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Friday, August 7

Feritilizer runoffs this year greatly enlarge Gulf of Mexico dead zone, threatening U.S. Gulf fishing industry

"A variety of methods have since been implemented in an effort to reduce nutrients found in the water. These include new farming tactics that use less fertilizer and planting grassy buffer strips to capture nutrients before they have a chance to get into the river."


Map shows the distribution of bottom-water dissolved oxygen from July 28 to August 3, west of the Mississippi River delta. Areas in red to deep red have very little dissolved oxygen.  (Nancy Rabalais, LUMCON; R Eugene Turner, LSU. NOAA)


'Dead Zone' in Gulf of Mexico Large Enough to Fit Connecticut, Rhode Island Combined
Aug 5 2015 05:08 PM ED
The Weather Channel

[...]

Measuring in at 6,474 miles, the annual Gulf of Mexico "dead zone" covers an area roughly the size of Connecticut and Rhode Island combined.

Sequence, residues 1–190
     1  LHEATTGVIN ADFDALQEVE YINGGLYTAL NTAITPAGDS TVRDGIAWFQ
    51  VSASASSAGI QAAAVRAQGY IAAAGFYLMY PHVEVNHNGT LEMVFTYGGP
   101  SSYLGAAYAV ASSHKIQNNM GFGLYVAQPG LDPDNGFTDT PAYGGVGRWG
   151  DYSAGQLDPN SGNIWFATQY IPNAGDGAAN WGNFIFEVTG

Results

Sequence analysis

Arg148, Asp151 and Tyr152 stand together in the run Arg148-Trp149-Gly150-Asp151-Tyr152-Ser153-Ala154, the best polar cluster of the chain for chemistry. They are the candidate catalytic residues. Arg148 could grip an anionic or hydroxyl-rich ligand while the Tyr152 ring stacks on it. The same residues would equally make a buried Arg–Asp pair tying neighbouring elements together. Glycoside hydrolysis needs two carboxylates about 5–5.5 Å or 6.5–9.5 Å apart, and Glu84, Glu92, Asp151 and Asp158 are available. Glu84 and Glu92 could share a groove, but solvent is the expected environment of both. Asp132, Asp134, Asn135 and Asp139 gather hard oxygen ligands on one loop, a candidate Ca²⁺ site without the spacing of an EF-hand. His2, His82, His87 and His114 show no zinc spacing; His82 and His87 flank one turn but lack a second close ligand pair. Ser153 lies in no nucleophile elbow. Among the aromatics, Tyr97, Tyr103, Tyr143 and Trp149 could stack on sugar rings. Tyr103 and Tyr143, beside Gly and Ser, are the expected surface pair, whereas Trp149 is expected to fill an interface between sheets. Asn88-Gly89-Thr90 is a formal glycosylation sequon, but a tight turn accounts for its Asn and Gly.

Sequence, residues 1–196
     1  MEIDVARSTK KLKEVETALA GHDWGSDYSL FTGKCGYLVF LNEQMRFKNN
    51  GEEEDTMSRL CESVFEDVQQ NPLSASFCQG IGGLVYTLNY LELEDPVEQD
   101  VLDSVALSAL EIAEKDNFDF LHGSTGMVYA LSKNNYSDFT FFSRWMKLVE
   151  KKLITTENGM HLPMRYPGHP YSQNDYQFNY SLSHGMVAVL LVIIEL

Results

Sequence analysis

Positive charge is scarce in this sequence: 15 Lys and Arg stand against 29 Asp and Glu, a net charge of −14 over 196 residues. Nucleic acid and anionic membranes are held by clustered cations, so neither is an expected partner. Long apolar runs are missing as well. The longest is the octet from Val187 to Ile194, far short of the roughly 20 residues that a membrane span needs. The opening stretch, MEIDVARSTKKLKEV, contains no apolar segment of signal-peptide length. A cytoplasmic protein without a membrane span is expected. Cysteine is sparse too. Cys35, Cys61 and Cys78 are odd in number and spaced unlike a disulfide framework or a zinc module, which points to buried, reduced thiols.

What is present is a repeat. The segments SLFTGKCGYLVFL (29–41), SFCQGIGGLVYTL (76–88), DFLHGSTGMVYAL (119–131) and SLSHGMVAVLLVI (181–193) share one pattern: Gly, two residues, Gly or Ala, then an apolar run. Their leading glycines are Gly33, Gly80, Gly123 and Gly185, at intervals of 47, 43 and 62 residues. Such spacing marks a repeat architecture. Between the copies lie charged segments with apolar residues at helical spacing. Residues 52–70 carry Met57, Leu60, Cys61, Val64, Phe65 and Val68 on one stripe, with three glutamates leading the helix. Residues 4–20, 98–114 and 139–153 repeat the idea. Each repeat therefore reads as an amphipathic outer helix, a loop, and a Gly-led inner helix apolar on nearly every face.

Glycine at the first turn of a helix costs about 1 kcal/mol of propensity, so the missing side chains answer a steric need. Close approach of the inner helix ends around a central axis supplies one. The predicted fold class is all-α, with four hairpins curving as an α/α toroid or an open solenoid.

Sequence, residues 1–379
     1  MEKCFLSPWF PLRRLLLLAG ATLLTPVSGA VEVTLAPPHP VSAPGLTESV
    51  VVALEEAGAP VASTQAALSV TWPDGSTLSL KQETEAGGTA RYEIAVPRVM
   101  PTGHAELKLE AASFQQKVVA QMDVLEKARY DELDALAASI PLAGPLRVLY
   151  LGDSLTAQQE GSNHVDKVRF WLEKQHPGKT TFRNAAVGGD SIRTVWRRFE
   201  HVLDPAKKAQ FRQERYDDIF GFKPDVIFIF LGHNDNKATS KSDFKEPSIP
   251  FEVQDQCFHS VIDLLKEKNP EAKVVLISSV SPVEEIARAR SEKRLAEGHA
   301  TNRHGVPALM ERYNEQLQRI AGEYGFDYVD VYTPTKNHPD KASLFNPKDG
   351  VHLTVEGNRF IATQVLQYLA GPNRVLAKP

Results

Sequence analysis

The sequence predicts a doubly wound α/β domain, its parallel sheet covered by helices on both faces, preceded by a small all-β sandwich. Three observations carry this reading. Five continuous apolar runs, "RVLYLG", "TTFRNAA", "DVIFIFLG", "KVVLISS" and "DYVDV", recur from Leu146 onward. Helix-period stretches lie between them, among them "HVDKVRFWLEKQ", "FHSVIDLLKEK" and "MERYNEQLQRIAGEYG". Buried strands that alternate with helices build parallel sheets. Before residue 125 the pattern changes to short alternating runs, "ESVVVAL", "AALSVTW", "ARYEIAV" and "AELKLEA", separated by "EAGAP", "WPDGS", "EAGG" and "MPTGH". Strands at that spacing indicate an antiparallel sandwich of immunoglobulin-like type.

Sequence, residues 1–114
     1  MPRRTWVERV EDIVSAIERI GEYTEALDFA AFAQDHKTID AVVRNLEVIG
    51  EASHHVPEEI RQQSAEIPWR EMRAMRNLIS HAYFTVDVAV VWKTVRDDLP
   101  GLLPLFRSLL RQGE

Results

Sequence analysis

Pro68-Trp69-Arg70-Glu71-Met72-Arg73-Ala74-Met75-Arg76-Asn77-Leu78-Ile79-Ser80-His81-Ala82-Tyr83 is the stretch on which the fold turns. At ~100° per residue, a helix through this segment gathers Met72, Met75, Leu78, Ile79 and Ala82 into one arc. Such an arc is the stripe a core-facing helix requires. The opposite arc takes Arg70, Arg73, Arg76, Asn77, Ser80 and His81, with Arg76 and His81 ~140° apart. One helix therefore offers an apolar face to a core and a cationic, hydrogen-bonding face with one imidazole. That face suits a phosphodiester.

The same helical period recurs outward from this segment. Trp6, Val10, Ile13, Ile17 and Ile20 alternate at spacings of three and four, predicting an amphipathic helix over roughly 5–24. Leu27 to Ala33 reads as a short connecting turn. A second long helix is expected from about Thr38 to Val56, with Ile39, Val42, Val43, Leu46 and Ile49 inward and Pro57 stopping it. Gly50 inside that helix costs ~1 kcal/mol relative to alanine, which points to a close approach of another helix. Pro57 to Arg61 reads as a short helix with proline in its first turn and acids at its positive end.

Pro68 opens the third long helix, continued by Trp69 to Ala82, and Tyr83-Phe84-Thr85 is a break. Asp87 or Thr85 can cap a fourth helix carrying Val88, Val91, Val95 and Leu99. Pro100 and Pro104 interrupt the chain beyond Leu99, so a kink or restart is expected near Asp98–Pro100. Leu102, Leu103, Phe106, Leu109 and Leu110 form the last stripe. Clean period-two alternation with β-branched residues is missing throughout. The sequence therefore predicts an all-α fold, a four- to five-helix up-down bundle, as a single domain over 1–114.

This region in the water is defined by the National Oceanic and Atmospheric Administration (NOAA) as an area of low to no oxygen that can kill fish and marine life, thus affecting commercial and recreational fishing.

These areas are also referred to as hypoxia areas and occur when there is nutrient runoff, largely due to the fertilizer used in fields near the water. This accelerates algae growth, which compromises the oxygen levels in the water when they decompose.

In 2002, the NOAA reported that the Gulf of Mexico's dead zone spanned 8,497 square miles. Though the size of this year's dead zone is significantly smaller, it is still three times larger than the reduction goal set by the Mississippi River/Gulf of Mexico Watershed Nutrient Task Force.

As reported in New Orleans' Times-Picayune,the goal was set in 2007 by five federal agencies, 12 states and Indian tribes located within the Mississippi and Atchafalaya river basins. A variety of methods have since been implemented in an effort to reduce nutrients found in the water. These include new farming tactics that use less fertilizer and planting grassy buffer strips to capture nutrients before they have a chance to get into the river.

In a 2014 press release from the Louisiana University Marine Consortium (LUMCON), they report that hypoxia is a recurring environmental problem in the offshore waters of Louisiana. According to Dr. Nancy Rabalais, executive director and professor at LUMCON, this can be problematic for marine life, as it hurts biodiversity and makes food hard to come by for the fish and shrimp when they return. This can become costly for the fishing industry.

[...]

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